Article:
CONSTANCE W. ANDERSON
COUNCIL FOR AMERICAN UNITY,
New York, N. Y., April 19, 1948.
STATEMENT IN CONNECTION WITH HEARINGS ON H. R. 5004
The Common Council for American Unity, by action of its board of directors, declares its conviction that the right to become a naturalized citizen of the United States should not be denied or abridged because of race and that our nationality laws should be amended to provide that all aliens having a legal right to permanent residence should be made eligible to naturalization. The council believes that such legislation is an act of justice to those aliens resident in the United States who are still denied citizenship because of race and that, in addition, it would strengthen our American position in the Far East and improve our international relations in general in the world-wide conflict between democracy and totalitarianism.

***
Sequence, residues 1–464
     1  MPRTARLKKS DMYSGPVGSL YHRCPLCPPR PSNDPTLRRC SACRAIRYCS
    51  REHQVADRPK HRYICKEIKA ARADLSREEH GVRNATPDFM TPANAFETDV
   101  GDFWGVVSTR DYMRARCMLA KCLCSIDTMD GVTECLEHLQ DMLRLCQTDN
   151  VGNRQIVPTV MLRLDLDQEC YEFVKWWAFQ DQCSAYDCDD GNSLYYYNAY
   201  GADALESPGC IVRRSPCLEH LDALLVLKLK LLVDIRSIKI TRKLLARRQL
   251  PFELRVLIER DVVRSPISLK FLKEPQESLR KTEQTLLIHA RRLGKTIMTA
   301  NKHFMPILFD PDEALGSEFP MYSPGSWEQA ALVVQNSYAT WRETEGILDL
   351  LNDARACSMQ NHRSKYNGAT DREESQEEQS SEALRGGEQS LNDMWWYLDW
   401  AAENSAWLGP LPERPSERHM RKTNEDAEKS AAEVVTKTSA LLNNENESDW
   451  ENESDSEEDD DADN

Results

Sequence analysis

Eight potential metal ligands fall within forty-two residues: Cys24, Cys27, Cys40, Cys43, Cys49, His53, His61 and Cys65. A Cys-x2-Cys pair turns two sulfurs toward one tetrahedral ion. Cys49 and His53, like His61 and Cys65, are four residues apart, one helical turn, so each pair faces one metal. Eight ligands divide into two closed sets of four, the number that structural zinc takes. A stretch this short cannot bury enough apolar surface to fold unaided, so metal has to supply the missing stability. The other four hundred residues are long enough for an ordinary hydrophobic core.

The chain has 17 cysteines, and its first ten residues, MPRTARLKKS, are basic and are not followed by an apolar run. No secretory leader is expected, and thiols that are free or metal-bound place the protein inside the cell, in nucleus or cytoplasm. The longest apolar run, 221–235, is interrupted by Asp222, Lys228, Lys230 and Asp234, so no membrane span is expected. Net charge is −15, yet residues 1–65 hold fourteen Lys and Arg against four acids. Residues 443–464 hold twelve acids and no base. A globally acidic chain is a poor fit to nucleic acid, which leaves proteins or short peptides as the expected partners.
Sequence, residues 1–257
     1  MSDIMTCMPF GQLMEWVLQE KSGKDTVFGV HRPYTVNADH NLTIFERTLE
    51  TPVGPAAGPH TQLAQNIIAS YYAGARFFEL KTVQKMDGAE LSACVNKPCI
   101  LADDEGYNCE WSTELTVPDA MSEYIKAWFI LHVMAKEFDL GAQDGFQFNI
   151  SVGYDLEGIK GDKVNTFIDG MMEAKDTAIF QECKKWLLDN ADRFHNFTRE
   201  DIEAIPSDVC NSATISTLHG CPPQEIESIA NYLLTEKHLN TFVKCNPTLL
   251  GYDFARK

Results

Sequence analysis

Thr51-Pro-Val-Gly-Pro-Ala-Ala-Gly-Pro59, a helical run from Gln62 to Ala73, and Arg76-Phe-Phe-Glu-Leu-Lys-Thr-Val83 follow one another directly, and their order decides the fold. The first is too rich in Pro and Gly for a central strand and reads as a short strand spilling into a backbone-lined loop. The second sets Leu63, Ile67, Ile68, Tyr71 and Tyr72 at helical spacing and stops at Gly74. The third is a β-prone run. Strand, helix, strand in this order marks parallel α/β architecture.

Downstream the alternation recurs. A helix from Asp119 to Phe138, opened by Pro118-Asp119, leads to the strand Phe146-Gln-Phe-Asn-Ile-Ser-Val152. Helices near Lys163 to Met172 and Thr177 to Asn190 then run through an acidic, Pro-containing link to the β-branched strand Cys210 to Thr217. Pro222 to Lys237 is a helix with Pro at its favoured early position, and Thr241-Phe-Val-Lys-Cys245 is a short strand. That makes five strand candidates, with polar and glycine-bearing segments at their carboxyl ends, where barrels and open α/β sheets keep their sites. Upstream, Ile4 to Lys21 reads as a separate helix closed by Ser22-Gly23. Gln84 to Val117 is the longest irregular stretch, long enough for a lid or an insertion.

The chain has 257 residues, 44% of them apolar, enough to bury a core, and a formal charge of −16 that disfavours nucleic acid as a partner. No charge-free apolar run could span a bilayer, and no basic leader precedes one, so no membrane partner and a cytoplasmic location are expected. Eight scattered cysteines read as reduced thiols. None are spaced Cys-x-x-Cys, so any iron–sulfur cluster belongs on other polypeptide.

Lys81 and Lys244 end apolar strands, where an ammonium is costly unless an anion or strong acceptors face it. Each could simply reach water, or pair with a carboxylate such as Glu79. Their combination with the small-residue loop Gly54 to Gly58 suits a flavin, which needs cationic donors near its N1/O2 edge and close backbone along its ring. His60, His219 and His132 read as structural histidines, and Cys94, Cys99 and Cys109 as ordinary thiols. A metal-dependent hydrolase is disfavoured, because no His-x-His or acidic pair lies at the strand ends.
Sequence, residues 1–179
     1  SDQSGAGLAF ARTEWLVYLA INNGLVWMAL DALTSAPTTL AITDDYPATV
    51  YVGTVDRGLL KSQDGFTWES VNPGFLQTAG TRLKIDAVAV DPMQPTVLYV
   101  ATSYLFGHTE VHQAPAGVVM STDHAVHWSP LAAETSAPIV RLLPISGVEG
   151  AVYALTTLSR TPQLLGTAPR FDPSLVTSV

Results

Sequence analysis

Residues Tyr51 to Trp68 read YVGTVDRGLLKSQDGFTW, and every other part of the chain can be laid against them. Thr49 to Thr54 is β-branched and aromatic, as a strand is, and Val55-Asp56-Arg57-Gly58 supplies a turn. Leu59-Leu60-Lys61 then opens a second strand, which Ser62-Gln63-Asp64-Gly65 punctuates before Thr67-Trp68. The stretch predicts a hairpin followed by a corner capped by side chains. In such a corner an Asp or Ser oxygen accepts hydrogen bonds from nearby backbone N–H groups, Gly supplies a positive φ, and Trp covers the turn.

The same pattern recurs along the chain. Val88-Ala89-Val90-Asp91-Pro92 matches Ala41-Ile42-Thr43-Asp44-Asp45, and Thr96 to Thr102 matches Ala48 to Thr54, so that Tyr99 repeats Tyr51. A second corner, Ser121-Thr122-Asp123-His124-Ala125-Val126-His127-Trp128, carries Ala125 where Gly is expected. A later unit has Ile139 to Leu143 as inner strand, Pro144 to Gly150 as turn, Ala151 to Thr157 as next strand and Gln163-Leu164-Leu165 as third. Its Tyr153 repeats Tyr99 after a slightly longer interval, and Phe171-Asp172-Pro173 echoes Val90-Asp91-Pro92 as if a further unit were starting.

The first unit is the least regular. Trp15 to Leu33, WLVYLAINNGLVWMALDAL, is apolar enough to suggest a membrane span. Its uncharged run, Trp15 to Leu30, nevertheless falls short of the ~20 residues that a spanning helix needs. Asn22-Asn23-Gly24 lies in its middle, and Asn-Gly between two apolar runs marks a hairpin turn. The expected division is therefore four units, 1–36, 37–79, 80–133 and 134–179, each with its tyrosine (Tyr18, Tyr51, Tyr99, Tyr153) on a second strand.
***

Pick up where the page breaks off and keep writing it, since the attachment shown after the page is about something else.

Because H. R. 5004 embodies such legislation and at the same time takes practicable steps toward eliminating racial discrimination from our immigration laws by making immigration quotas available to Asiatic and Pacific peoples, the Common Council for American Unity hopes that it or legislation embodying those principles will receive favorable consideration by Congress.
STATEMENT OF WEST Coast SPONSORS OF COMMITTEÈ FOR EQUALITY IN
NATURALIZATION, APRIL 17, 1948 Informed Americans generally agree that the Achilles heel in our ideological competition with the Soviet Union is American racial discrimination. But when "racial discrimination” is mentioned, most Americans think only of the Negroes within our borders. They overlook the fact that Soviet propagandists are constantly playing upon our denial of naturalization and of admissibility on the quota basis to many Asiatic peoples, and are thereby weaning them away from us and democracy.
Since 1943, our Congress has made a splendid beginning in patching up this Achilles heel by granting the rights of naturalization and admissibility by quota to the peoples of China, India, and the Philippines. It is not only logical but also most timely, to extend the same rights to Burma, Guam, Indonesia, Japan, and Korea.